Georges Simenon

The Strangers in the House
  • The Strangers in the House

  • Hector Loursat, a lawyer in the small town of Moulins, has lived as a drunken recluse since his wife left him eighteen years previously. Unmoored from society and estranged from his daughter, he shuts himself away, numbed by endless bottles of burgundy. But when a dead man is found in his house one night, the resulting police investigation unearths secrets that shake the town - and Loursat's isolation - to the core. No longer able to ignore the world, he emerges to take on the murder case himself and confront the lives of Moulins' by-ways and back streets.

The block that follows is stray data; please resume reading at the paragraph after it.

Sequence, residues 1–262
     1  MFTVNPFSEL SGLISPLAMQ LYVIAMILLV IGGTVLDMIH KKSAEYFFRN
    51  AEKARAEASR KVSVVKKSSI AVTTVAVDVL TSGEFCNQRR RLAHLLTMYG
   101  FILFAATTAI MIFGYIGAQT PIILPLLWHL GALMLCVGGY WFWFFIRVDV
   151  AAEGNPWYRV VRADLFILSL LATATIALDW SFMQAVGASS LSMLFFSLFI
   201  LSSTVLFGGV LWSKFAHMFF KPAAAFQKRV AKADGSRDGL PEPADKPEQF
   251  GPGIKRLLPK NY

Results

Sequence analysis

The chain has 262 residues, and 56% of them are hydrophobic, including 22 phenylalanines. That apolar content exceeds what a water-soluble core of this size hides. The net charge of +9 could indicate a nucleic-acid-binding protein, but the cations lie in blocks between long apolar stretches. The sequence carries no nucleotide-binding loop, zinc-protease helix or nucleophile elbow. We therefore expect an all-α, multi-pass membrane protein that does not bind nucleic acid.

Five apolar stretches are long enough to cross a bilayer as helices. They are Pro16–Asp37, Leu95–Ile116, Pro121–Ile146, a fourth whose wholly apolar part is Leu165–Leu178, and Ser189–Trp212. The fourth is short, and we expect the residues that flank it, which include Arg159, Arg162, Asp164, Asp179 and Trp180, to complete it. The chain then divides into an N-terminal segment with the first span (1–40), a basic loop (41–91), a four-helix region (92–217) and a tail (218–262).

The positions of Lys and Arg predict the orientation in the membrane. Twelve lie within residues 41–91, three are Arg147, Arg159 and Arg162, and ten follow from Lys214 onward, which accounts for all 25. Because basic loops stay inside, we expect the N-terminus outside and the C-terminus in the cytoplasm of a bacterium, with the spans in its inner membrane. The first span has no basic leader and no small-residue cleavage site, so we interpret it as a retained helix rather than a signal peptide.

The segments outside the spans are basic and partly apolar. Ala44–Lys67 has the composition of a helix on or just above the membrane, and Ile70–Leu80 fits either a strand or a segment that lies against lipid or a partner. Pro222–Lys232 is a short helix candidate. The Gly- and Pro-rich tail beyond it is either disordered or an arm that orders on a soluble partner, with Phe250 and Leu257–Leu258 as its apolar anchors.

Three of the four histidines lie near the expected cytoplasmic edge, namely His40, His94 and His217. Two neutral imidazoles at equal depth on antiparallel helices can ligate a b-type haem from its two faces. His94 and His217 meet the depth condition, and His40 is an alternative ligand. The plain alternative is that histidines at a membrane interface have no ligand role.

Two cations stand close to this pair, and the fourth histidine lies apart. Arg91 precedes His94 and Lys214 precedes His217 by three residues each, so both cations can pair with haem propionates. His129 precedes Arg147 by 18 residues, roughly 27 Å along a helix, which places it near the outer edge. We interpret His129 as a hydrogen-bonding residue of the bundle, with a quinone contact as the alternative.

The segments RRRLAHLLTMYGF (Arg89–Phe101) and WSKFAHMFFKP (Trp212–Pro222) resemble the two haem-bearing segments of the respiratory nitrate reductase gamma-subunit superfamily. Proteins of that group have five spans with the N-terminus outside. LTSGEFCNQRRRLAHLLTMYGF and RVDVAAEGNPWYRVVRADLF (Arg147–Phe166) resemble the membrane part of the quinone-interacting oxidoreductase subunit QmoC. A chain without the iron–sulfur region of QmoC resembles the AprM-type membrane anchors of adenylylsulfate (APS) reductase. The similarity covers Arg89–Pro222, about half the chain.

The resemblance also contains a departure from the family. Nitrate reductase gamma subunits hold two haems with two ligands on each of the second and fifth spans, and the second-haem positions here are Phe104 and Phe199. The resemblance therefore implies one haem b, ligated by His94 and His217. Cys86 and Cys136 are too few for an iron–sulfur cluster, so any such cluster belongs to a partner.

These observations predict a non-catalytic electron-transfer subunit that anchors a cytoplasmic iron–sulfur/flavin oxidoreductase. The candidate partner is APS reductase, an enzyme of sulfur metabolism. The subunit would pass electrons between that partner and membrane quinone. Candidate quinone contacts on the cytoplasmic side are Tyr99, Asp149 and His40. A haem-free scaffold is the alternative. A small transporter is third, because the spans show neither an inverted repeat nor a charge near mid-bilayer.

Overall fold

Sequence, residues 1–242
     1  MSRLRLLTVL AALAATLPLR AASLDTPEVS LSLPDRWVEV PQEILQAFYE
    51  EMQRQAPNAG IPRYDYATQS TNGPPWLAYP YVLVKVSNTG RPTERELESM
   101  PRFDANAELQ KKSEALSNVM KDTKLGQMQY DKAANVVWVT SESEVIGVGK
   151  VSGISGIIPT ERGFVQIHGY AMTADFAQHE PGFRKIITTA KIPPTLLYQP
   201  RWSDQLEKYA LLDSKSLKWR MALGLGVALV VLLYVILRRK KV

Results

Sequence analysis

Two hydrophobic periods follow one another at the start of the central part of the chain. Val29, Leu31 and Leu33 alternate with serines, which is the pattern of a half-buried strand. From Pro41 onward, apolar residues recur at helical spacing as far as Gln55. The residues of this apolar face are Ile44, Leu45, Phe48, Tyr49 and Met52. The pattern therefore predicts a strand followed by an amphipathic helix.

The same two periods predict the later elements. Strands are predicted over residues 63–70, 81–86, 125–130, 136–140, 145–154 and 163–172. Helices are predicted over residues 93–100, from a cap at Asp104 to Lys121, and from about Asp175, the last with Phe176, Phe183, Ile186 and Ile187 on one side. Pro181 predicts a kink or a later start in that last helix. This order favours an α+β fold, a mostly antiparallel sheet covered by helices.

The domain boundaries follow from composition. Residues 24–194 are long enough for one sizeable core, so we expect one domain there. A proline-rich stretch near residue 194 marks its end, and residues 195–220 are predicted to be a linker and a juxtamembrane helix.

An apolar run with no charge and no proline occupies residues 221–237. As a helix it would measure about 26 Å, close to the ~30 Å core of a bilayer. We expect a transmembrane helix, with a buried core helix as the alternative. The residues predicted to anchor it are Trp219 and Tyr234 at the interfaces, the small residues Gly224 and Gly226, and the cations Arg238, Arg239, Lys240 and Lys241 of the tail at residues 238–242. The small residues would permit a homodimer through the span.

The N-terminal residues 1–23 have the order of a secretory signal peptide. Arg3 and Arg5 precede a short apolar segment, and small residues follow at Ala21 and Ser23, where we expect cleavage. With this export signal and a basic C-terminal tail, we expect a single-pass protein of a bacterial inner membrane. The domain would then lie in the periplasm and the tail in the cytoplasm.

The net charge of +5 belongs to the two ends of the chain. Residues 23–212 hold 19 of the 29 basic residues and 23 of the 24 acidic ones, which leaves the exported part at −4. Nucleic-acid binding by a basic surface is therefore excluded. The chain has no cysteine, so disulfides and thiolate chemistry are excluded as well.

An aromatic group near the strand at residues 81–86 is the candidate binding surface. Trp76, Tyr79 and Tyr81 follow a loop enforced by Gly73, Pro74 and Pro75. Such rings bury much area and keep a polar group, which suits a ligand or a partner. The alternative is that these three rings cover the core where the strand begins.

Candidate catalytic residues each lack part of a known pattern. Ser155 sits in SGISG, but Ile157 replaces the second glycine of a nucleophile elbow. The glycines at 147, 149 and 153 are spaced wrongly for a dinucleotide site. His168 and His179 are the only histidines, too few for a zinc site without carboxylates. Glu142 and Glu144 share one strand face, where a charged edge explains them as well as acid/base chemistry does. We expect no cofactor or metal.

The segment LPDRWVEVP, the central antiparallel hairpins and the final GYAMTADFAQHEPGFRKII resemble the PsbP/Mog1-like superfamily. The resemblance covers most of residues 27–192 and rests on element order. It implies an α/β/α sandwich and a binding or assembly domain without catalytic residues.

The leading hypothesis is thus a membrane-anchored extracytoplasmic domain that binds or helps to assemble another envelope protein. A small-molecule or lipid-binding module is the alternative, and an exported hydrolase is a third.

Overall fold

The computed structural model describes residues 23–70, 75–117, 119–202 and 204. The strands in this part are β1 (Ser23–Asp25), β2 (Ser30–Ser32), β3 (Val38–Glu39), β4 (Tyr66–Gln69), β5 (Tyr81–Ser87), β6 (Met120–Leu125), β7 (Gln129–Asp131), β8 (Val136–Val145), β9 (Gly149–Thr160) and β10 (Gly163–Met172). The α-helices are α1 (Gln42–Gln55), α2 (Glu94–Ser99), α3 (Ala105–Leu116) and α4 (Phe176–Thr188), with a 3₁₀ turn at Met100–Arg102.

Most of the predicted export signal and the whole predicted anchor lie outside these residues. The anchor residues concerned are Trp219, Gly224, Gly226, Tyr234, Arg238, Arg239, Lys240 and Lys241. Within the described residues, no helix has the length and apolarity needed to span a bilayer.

In the progressive break-down of Loursat's self-imposed isolation, Simenon brilliantly depicts the psychology of loneliness and a man's tortured re-engagement with humanity and its darkest acts.

Georges Simenon was born in Liège, Belgium, in 1903. He is best known in Britain as the author of the Maigret novels and his prolific output of over 400 novels and short stories have made him a household name in continental Europe. He died in 1989 in Lausanne, Switzerland, where he had lived for the latter part of his life.

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